Sunday, September 04, 2011

Is it brittle yet?

This isn't so much of a personal challenge (can I make brittle?) as a quest (how many different brittles can I make?)

But that's like starting in the middle of the story and it may get the reader's interest, but will it hold it?

Back to the beginning:
Last fall or winter, like MONTHS ago, I'm at my sister-in-law's and we're looking at a calendar cookbook she's just bought. Most of it is holiday and therefore I've seen it and seen it, but then there was this recipe for pistachio brittle. Now, that was different. Neither of us had heard of such. I got a copy of the recipe, told her I'd make it, and we'd find out if it was as good and different as it sounded.

It called for raw pistachios. How hard could that be? As it turns out, it was 8 months hard.

I fell in love with raw pistachios when my surrogate grandfather (had a whole surrogate family since the real ones lived far away), anyway, when my surrogate grandfather presented us (late '50s? early '60s?) with a mesh bag of this exotic-to-us nut called pistachio. We had to break them in two and there were skins and you'd get your fingers red eating them. Then, when pistachios really caught on there was, in the early '70s, the Watergate Cake, a cake made with pistachio pudding. It was green. And a Watergate Salad. And a Watergate scandal, but that's history.

It had been a while since I'd done anything with pistachios, so I set out to buy some. Roasted and salted pistachios were everywhere. Raw... no. Even at my favorite grocery store which stocks nuts in canisters, there was a sign that the nut was not about and they were sorry for any inconvenience. And so it went. For months. I finally caught a manager in the aisle and he said the shipment had been contaminated but the new crop was on its way. And, sure enough, the next week it arrived. At about $14/pound.

(Now the question could be raised that I didn't look elsewhere. True. Nor search on line. True. But if there were so many nuts available to roast and salt, why weren't there any raw ones? In other words, this tale maybe could have been shorter.)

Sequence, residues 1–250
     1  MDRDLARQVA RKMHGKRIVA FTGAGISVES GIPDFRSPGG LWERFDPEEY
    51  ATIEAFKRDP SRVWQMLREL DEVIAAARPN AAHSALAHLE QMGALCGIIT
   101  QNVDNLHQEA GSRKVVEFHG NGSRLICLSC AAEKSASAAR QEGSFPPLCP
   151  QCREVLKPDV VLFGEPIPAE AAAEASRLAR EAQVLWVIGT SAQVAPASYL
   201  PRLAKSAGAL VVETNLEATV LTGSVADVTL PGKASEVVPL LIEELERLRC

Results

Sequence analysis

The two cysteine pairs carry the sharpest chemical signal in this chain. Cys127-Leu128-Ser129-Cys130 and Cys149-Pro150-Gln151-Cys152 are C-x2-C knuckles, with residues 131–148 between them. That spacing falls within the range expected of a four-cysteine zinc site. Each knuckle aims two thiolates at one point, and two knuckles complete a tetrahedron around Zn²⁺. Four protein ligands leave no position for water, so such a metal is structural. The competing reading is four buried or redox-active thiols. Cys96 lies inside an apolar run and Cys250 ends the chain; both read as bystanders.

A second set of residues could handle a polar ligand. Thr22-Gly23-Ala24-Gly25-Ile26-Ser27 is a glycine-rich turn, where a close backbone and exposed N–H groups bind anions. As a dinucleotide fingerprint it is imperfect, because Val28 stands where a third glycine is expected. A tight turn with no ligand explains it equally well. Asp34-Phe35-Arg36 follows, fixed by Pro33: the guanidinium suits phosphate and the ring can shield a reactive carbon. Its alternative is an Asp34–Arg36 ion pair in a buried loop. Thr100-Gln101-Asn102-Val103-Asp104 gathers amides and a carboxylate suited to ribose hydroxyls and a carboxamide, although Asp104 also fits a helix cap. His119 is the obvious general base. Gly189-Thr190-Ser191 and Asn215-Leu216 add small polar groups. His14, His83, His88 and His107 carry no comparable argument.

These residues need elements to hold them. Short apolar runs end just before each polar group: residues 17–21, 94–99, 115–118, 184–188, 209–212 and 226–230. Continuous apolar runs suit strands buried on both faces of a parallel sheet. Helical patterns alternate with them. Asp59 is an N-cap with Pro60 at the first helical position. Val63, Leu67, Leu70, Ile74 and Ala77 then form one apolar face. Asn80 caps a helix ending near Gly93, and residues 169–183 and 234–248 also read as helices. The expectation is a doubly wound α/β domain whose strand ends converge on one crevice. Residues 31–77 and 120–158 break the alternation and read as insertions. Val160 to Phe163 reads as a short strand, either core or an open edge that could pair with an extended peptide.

I grabbed a cup's worth of raw pistachios and hunted up the recipe. Found it called for 2 cups. Well, piddle. I'd just cut it in half.

And I'm glad I did since stirring up that much brittle would have been a momentous job. Pouring it out onto two cookie sheets might have been beyond me for safety's sake. Half the recipe was enough anyway to know it was delicious and then whatever is better than delicious.

So, if it was good with pistachios, how would it be with almonds? Pecans? Hmmm...

A friend mentioned she'd made a walnut brittle and she gave the recipe. Well, it was different. No water. It was good, but I liked the texture of the first better. This sent me to Shirley Corriher's book on cooking and the section on candy in particular. Of course, she has a recipe for almond macadamia brittle. Just the idea takes your breath away, doesn't it? It contains water.

So now I'm on a quest. I'm going to make brittle for the library's annual Pumpkin Patch Bazaar. But what kind? Why not all? To that end, I'll need to experiment more. I've bought a new candy thermometer. It's huge. No more squinting to see that magic 300 degree mark. Not that I need that. At 300 is where it turns brown. According to my spouse's grandmother's peanut brittle recipe (no water), you toss everything together, heat it till it's brown, then add baking soda and pour. Not a thermometer in sight.

While my sister-in-law thought the pistachio brittle was excellent, the brittle connoisseur at this house has declared both of my so-far efforts very, very good. When am I making more?

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